EU Commission initiates proceedings against TikTok

The European Commission has reopened proceedings against the online platform TikTok. The aim is to investigate whether the Chinese company is endangering the mental health of minors with the TikTok Lite app and thus violating EU rules, as the Commission announced on Monday.

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The company is particularly concerned about a task and reward program. This allows users to collect points when they complete certain tasks in the app version TikTok Lite - such as watching videos or positively rating ("liking") content. This can be addictive and is particularly worrying for children, as it is not clear that the age of users is effectively checked.

With an endless stream of short and fast-paced videos, TikTok offers fun and a sense of connection for children, but it also harbors risks, said the responsible EU Commissioner Thierry Breton. These include addiction, anxiety, depression, eating disorders and poor attention spans.

The Commission criticizes the fact that the company released the version of the app in France and Spain without first assessing the associated risks in a report. Such a report was supposed to be submitted by April 18 - according to the Brussels authority, TikTok failed to do so.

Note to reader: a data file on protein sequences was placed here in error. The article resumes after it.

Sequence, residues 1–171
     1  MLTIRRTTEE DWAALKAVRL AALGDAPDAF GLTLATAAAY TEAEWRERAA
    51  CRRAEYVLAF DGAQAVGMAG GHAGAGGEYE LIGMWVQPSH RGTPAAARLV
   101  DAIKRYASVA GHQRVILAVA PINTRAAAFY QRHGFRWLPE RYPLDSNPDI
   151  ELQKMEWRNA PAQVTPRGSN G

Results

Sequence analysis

Threat of high fines

The online platform is now being asked to submit a risk assessment of the new reward features within 24 hours, otherwise it could face daily fines. According to the Commission, TikTok could, for example, face fines of up to 1 percent of its total annual revenue or global turnover and regular fines of 5 percent of its daily turnover.

According to reports, TikTok has an annual turnover of several billion euros. The company itself does not publish any figures. The Commission is also giving TikTok 48 hours to prove that it has complied with EU rules and that no serious harm has been caused. After that, the authority could order the platform to suspend the new functions for the time being.

Proceedings already in February

The Commission had already opened proceedings against TikTok in mid-February. According to the Commission, the aim was to examine whether the online giant was taking sufficient action against the distribution of illegal content and whether it was violating EU rules on the protection of minors and advertising transparency, for example.

It had previously conducted a preliminary investigation. Brussels had already initiated similar proceedings against X (formerly Twitter). Online platforms are obliged by a new EU law on digital services (DSA) to take strict action against illegal content such as hate speech and incitement to hatred online. (SDA/swi)

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